SOC alumnus Dr. Luis Hestres discusses net neutrality on Texas Public Radio

Dr. Luis Hestres is a tenure-track assistant professor of digital media at the University of Texas at San Antonio. He received his Ph.D. in Communication from American University in 2014.

With last week’s announcement by FCC chair Ajit Pai that the agency plans to dismantle a set of landmark net neutrality regulations, many have asked what such a move could mean for consumers, the tech industry, and the future of the internet as we know it.

Discussing the implications of the proposed repeal on Texas Public Radio’s “The Source” on Monday, SOC alumnus and professor in digital communication at the University of Texas at San Antonio Dr. Luis Hestres described net neutrality as “the principle that internet service providers can’t discriminate against any type of data that flows through their networks.”

Click here to listen to the discussion.

The current net neutrality regulations, put in place by the Obama administration, categorize broadband as a public utility (on par with electrical and telephone grids), prohibiting internet service providers (ISPs) from “throttling” or otherwise slowing down the flow of data from certain websites or from charging more for high-quality streaming from certain websites.

The proposed repeal has reignited a debate between large telecom providers like AT&T and Verizon on one side and increasingly powerful tech companies like Google and Facebook on the other. Silicon Valley firms and internet freedom advocates argue that dismantling the regulations would stifle innovation and give ISPs the power to serve as digital gatekeepers.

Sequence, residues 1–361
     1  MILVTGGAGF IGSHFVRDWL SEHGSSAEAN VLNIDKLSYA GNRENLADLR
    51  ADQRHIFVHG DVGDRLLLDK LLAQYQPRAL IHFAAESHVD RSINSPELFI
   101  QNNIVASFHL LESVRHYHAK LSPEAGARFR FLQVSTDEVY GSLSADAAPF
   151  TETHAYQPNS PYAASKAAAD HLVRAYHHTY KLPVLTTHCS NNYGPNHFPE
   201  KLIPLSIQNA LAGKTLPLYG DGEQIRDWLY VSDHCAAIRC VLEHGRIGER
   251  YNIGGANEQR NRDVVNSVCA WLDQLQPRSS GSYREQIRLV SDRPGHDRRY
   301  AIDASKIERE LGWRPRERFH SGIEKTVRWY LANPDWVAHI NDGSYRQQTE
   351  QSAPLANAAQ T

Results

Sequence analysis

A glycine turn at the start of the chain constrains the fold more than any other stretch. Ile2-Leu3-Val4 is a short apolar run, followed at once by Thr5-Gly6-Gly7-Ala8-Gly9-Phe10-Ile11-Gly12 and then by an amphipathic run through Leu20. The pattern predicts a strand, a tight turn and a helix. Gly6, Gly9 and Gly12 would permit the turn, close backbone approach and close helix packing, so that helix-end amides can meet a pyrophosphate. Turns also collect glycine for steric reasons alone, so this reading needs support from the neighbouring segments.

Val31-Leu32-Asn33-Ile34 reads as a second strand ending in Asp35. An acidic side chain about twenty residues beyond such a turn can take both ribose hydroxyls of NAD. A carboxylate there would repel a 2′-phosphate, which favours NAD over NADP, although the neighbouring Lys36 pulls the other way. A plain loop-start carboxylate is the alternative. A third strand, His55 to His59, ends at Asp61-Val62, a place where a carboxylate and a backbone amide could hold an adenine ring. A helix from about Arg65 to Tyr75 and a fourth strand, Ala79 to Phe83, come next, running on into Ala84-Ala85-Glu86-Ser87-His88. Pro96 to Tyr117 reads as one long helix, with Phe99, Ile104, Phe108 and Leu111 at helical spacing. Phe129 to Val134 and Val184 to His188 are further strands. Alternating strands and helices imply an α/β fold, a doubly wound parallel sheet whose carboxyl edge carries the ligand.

Further complicating matters, the FCC proposal comes as the Department of Justice is suing AT&T to block a proposed $85.4 billion bid for Time Warner, a deal that would see the telecom giant acquire CNN, HBO, and Warner Brothers Pictures in an effort to merge content and distribution (a strategy already embraced by one of AT&T’s chief competitors Comcast, whose purchase of NBCUniversal was approved in 2011). Taken together, the government’s contradictory stances toward AT&T reflect the difficulty in reconciling the increasing consolidation of the telecom and media ecosystems with the current administration’s anti-regulatory pro-business agenda.

But as Dr. Hestres explains, the telecoms themselves have engaged in similar doublespeak, especially as it concerns net neutrality. “The telecoms are saying one thing to the FCC and something completely different to their investors,” ensuring their shareholders that they continue to invest heavily in network architecture even as they claim that the net neutrality rules have stalled investment in broadband.

Adding to these competing (often contradictory) set of interests, New York Attorney General Eric Schneiderman published a letter to the FCC last week alleging that the agency’s public comments process, which allows citizens to voice their concerns on the proposed net neutrality repeal, “has been corrupted by the fraudulent use of Americans’ identities.” While it is as yet unclear who is behind the fraudulent comments (Schneiderman’s office received no “substantive” response from the FCC) it would seem to represent another instance in which networked actors have meddled in institutions of governance and the democratic process. “If law enforcement can’t investigate and (where appropriate) prosecute when it happens on this scale, the door is open for it to happen again and again,” wrote Schneiderman.

Update: On Monday, December 11, Dr. Hestres explained the net neutrality decision on KENS TV, a local CBS affiliate in San Antonio. Check out the video here.

 

 

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